PA is Under-Researched

The first step in improving diagnosis and treatment of primary aldosteronism involves a paradigm shift to acknowledge that:

  • The disease is a major public health issue;
  • Hypertension is mostly driven by salt and aldosterone;
  • The phenomenon is not a “secondary” but “primary” cause of hypertension, and is actually at the core of what is called “essential” hypertension.

The translation of this paradigm shift into practicable solutions requires mobilization at all levels of healthcare systems, from regulatory agencies to educational institutions, and healthcare providers.

Granted that such rallying can occur, solutions will remain inadequate unless the research gap limiting proper understanding of the disease can be bridged.

If sodium and potassium play an essential role in hypertension, how much sodium is too much and how much potassium is enough are unknown. So is the genesis of primary aldosteronism. Excess aldosterone remains to be defined. Hormonal levels remain to be reliably quantified, and their measurement standardized. Effective treatments which can be implemented at-scale remain to be found.

Bridging this gap will not only require the allocation of sizable funding, it will necessitate the coordination of an effective research agenda.

The execution of such agenda will also require considerable manpower, a resource still lacking since the discovery of the disease in 1955.

Compared with primary aldosteronism, Parkinsonian disorders benefit from resources ten times superior although their prevalence is at least ten times lower:

Source: PubMed, Expertscape.com
Resource Gap Parkinsonian Disorders Primary Aldosteronism
Number of Patients 1 Million in the US
10 Million worldwide
At least 10.7 Million in the US
At least 250 Million worldwide
Publications Over 114,000 Less than 10,000
Researchers Over 64,000 worldwide Less than 5,200 worldwide

Lack of PA Registry

The study of complex diseases requires rich datasets – registries – collected from thousands of patients over time.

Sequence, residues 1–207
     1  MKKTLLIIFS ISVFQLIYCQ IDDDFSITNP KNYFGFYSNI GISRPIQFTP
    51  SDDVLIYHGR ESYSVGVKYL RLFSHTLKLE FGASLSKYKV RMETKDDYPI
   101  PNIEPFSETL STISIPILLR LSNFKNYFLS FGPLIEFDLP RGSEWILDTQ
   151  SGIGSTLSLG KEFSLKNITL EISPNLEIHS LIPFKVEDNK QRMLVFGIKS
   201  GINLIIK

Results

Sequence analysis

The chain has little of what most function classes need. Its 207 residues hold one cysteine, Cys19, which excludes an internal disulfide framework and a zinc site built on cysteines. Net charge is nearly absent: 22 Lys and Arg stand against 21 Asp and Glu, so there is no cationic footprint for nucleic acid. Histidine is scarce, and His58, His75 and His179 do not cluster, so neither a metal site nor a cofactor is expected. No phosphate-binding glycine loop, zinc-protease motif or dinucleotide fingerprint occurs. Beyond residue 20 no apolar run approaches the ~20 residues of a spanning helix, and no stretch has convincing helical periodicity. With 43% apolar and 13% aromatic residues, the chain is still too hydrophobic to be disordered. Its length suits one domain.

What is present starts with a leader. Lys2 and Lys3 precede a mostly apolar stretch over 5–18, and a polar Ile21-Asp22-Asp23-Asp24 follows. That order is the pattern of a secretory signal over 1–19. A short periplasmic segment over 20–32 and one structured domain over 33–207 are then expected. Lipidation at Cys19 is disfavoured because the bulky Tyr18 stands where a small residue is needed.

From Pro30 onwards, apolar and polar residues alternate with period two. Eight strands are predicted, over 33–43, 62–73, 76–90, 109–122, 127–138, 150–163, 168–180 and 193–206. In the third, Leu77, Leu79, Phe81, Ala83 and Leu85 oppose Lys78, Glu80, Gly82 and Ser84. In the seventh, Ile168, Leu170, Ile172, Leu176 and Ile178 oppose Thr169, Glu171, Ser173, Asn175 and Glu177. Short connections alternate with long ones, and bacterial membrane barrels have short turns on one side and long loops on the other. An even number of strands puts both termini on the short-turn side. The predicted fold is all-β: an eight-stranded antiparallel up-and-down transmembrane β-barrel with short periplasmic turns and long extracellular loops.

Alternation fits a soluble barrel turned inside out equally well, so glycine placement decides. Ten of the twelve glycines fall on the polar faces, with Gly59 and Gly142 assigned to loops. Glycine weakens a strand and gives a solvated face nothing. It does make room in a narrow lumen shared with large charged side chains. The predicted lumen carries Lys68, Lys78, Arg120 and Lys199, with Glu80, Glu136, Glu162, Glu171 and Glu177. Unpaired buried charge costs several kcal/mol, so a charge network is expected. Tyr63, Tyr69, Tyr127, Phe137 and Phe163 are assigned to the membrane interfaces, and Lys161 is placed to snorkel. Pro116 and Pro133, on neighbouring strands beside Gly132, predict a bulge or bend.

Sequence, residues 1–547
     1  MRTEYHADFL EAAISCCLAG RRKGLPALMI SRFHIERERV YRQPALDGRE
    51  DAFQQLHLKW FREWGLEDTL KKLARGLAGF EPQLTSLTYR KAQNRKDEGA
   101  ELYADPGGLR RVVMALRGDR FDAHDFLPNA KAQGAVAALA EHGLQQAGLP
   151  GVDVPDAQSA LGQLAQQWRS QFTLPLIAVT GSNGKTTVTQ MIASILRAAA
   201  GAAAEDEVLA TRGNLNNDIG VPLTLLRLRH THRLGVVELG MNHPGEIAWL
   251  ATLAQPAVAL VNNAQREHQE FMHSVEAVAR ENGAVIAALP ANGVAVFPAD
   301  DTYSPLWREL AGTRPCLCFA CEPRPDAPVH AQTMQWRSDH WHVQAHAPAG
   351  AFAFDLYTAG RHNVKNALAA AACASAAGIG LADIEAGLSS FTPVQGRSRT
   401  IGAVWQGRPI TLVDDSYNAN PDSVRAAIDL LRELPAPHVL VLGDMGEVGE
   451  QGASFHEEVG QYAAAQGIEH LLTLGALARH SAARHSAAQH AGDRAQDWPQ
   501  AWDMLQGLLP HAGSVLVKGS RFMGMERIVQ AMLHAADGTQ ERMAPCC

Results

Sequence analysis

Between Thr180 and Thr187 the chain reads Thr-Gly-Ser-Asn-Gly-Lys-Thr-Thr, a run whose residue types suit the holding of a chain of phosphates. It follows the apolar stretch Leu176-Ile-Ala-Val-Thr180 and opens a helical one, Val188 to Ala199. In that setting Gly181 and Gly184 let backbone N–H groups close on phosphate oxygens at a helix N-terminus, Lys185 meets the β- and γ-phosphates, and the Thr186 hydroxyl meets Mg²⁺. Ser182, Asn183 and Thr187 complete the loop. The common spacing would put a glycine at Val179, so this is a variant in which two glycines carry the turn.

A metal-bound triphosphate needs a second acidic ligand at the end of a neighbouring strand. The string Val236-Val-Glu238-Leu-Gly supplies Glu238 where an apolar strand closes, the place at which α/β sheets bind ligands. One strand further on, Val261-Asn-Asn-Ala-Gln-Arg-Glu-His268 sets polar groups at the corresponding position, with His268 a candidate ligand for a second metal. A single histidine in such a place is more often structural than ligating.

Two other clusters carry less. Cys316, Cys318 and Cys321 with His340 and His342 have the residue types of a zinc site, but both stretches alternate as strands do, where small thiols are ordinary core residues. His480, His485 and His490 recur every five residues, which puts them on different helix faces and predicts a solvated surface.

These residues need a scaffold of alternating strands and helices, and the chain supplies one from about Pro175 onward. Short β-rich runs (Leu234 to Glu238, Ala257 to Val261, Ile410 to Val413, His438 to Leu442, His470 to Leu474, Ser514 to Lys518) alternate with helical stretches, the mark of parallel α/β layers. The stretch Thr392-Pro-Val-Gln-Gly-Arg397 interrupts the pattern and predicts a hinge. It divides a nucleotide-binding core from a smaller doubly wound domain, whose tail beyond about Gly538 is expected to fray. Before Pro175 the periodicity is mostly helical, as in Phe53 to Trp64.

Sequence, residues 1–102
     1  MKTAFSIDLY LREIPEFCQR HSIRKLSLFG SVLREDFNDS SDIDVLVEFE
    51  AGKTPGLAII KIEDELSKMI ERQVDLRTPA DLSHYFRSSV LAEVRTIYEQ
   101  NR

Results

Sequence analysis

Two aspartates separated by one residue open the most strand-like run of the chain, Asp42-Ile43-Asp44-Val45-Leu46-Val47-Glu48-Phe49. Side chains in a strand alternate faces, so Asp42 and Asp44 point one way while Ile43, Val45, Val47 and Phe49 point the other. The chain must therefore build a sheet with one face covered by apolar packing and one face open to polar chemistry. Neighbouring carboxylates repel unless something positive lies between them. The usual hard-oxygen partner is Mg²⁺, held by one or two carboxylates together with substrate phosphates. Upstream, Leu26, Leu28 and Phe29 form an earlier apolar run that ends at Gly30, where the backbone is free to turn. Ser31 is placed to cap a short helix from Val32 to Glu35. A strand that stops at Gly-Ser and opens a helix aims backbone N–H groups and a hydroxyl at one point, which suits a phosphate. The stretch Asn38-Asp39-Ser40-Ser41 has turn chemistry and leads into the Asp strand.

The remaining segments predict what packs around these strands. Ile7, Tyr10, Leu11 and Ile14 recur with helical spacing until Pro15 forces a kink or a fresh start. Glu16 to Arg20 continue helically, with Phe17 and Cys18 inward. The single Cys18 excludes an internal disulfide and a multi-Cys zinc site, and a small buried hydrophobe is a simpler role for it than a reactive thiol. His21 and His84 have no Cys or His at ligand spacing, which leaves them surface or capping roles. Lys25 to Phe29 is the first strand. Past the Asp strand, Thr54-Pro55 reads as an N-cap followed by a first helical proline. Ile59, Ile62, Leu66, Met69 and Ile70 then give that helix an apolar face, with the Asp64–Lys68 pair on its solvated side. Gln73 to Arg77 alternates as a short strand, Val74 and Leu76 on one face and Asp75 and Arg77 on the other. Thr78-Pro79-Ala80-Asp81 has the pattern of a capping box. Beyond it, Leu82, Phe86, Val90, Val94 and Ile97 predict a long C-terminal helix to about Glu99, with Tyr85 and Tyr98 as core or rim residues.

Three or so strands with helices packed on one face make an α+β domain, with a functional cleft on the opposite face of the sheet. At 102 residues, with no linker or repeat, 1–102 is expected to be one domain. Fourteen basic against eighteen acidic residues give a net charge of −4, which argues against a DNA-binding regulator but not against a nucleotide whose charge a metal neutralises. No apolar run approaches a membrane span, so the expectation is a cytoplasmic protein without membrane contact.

Only a handful of national registries have been developed for primary aldosteronism.

Not only is the needed sharing of data hindered, the sample size of too many studies continues to lack representativeness, thereby preventing generalization of results and perpetuating the status of rare disease.

If you or someone you know has long-standing and/or hard to control hypertension, we invite you to sign the Foundation’s Open Letter to help create the paradigm shift needed to accelerate research, starting with the creation of a robust registry dedicated to advancing diagnosis and treatment of primary aldosteronism.

In its mission and advocacy role, the Foundation considers the dissemination of accurate medical information of the utmost importance. The Foundation has the privilege to count some of the world’s experts in primary aldosteronism as members of its Scientific Advisory Board. They either lead or are part of teams which are at the forefront of research in the US and Europe:

Supporting research is one of the Foundation’s core priorities. While funding existing and new clinical studies is a long-term goal, the Foundation’s immediate objectives are to:

  • Help demonstrate the high prevalence of primary aldosteronism,
  • Identify and connect patients with clinical studies, and
  • Translate knowledge for patients and clinicians who are not familiar with the disease.

The Foundation is also dedicated to contributing to the body of knowledge by including patients in the awareness and discovery process. As more patients are diagnosed and treated, experience with the disease will increase. Generating a feedback loop from this experience into research will help advance the understanding of excess aldosterone.